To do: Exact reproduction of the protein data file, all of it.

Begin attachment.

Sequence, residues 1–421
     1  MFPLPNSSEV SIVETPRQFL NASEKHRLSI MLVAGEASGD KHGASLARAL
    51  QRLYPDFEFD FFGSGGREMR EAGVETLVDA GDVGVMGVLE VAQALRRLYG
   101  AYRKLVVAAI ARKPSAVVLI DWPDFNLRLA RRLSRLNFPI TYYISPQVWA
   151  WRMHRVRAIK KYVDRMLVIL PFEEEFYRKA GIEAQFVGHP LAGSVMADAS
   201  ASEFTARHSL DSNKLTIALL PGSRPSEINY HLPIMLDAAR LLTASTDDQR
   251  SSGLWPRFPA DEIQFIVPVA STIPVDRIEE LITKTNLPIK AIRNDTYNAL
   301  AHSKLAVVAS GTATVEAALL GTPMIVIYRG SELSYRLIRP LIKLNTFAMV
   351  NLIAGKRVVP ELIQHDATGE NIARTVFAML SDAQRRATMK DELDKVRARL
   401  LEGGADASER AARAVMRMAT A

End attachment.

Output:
Sequence, residues 1–421
     1  MFPLPNSSEV SIVETPRQFL NASEKHRLSI MLVAGEASGD KHGASLARAL
    51  QRLYPDFEFD FFGSGGREMR EAGVETLVDA GDVGVMGVLE VAQALRRLYG
   101  AYRKLVVAAI ARKPSAVVLI DWPDFNLRLA RRLSRLNFPI TYYISPQVWA
   151  WRMHRVRAIK KYVDRMLVIL PFEEEFYRKA GIEAQFVGHP LAGSVMADAS
   201  ASEFTARHSL DSNKLTIALL PGSRPSEINY HLPIMLDAAR LLTASTDDQR
   251  SSGLWPRFPA DEIQFIVPVA STIPVDRIEE LITKTNLPIK AIRNDTYNAL
   301  AHSKLAVVAS GTATVEAALL GTPMIVIYRG SELSYRLIRP LIKLNTFAMV
   351  NLIAGKRVVP ELIQHDATGE NIARTVFAML SDAQRRATMK DELDKVRARL
   401  LEGGADASER AARAVMRMAT A